News for North Texas
Play Live Radio
Next Up:
Available On Air Stations

Survey: Half Of Teachers Say They’ll Leave The Field Because Of COVID

Judith Ramos
Eric Gay
Associated Press
Demands on teachers have only increased since COVID-19 hit, with many having to adapt to online and hybrid environments and deal with the added stress of health and safety precautions. Despite these extra demands, pay hasn't increased.

A survey from the nonprofit publication Education Week shows more than half of the nation’s teachers are thinking of dropping out in the next two years. That’s a jump of 20% compared to before the pandemic.

The national survey of 1,000 teachers found 54% said they are 'somewhat or very likely' to leave teaching in the next two years. Prior to the pandemic, that number was 34%.

Rena Honea leads the largest teacher’s group in the Dallas Independent School District, the Alliance AFT.

She is not surprised by the survey results.

“Our teachers, not only in Dallas, but in Texas, are being asked to do more and more,” Honea said. “Their responsibilities have increased. They're having to teach simultaneously in two different platforms. They're not seeing pay increases, because the state has not released some of the money that is available in districts. Quite frankly, (districts) don't have as much as many people think because they've had to spend it on pandemic spending."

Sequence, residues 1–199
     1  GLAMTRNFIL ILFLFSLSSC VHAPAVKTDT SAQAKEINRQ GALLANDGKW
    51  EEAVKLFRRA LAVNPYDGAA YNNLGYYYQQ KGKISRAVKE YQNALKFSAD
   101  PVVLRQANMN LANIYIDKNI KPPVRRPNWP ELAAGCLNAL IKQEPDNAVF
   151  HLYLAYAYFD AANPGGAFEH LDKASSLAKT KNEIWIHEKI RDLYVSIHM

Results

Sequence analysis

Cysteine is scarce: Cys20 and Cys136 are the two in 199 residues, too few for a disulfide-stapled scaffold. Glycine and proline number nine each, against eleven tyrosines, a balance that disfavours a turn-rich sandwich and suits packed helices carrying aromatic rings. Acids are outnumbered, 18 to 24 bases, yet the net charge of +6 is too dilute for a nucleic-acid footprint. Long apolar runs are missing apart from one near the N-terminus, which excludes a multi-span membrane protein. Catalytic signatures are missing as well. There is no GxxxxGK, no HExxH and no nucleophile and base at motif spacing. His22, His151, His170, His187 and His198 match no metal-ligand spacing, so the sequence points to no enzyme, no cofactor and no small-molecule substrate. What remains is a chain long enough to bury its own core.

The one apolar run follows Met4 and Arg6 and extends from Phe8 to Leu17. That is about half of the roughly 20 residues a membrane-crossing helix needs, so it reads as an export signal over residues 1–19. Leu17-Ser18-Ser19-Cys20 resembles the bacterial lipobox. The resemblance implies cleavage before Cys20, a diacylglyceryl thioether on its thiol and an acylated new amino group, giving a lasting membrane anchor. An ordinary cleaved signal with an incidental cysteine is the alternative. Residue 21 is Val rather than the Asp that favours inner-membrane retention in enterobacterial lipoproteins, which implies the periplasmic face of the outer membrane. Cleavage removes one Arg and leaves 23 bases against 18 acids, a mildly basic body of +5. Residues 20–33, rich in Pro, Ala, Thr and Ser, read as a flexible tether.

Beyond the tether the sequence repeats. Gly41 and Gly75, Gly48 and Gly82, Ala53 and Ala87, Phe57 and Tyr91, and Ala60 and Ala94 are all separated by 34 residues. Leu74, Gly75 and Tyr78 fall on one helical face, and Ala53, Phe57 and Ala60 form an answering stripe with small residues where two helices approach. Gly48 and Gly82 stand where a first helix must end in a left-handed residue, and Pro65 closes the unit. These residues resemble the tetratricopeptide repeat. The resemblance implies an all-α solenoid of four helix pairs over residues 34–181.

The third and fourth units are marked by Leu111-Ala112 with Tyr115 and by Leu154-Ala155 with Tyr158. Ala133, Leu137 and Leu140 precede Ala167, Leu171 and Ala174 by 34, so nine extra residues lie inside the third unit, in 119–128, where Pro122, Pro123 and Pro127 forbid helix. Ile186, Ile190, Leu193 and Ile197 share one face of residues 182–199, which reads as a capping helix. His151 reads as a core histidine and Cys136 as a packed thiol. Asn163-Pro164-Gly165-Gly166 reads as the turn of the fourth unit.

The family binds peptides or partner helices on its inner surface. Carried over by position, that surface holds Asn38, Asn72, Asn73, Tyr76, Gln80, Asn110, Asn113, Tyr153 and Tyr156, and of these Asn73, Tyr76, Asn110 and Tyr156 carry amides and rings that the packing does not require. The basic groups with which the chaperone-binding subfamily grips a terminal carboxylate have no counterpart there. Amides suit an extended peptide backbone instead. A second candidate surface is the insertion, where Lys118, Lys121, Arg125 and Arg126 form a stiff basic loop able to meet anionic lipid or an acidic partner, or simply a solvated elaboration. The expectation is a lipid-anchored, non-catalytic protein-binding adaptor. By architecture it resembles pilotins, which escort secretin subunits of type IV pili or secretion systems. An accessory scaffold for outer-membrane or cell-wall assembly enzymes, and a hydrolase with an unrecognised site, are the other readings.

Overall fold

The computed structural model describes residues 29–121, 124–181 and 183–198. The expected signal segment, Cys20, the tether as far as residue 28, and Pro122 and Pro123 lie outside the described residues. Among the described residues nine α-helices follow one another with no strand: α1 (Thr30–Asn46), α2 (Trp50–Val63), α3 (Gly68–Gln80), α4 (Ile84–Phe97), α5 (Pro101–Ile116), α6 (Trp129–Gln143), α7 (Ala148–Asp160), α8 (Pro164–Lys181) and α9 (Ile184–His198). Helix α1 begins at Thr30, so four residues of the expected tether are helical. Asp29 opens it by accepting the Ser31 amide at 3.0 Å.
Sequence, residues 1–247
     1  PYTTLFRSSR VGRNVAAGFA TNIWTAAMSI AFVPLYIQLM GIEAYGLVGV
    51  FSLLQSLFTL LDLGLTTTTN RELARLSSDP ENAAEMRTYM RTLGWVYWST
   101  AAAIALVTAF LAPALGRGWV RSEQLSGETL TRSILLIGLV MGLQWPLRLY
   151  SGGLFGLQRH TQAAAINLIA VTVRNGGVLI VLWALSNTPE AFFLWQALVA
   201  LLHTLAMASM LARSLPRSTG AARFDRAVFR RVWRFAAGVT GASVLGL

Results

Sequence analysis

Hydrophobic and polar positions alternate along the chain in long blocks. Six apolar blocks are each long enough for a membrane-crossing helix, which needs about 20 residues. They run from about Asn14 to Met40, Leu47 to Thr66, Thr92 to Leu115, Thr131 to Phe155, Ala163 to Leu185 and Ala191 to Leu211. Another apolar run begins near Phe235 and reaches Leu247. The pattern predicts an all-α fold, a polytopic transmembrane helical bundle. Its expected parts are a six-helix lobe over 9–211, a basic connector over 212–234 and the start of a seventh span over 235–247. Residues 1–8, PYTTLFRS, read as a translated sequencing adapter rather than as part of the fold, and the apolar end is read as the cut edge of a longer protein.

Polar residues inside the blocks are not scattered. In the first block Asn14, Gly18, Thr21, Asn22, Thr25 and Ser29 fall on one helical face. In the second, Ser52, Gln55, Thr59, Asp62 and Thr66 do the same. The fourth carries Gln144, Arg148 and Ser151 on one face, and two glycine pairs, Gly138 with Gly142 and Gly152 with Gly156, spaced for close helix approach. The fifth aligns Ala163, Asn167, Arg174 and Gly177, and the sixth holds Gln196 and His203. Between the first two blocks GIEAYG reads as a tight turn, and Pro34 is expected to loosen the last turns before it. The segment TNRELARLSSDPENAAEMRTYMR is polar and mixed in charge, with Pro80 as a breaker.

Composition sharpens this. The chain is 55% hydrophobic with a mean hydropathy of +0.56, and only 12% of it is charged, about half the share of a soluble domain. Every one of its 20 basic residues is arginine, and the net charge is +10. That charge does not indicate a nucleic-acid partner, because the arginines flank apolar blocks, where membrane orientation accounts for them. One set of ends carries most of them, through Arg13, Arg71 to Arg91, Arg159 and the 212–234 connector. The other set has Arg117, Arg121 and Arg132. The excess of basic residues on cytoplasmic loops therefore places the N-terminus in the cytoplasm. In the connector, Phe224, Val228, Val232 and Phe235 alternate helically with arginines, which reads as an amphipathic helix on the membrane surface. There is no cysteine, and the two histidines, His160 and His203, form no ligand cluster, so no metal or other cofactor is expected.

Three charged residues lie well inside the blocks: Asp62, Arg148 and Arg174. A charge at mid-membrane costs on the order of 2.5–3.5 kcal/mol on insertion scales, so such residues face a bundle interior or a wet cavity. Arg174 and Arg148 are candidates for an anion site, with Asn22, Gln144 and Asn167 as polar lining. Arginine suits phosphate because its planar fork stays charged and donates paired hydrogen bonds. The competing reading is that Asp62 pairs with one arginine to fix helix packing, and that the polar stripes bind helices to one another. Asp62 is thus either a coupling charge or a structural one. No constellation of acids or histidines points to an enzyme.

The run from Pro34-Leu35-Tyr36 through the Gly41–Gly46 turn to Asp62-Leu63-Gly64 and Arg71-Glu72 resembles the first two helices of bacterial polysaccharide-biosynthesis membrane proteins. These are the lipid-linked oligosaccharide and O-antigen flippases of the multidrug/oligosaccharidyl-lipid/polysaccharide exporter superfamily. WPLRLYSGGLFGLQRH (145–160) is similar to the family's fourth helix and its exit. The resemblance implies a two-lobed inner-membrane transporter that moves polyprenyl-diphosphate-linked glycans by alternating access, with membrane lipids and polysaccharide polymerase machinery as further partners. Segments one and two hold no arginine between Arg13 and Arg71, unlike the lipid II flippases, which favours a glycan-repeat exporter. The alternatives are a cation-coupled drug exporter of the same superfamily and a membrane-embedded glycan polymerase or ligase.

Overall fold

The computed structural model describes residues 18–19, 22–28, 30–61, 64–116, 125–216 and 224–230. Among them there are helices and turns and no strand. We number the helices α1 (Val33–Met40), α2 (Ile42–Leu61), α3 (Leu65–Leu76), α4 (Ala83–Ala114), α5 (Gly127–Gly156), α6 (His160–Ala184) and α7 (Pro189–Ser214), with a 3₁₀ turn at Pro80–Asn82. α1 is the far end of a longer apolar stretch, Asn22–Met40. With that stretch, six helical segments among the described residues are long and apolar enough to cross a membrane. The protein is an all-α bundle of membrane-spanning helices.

Honea doesn't know if local teacher employment numbers reflect the national study because Texas teachers have until the summer to let a district know if they’re not returning in the fall.

Got a tip? Email Reporter Bill Zeeble at You can follow him on Twitter @bzeeble.

KERA News is made possible through the generosity of our members. If you find this reporting valuable, consider making a tax-deductible gift today. Thank you.

Bill Zeeble has been a full-time reporter at KERA since 1992, covering everything from medicine to the Mavericks and education to environmental issues.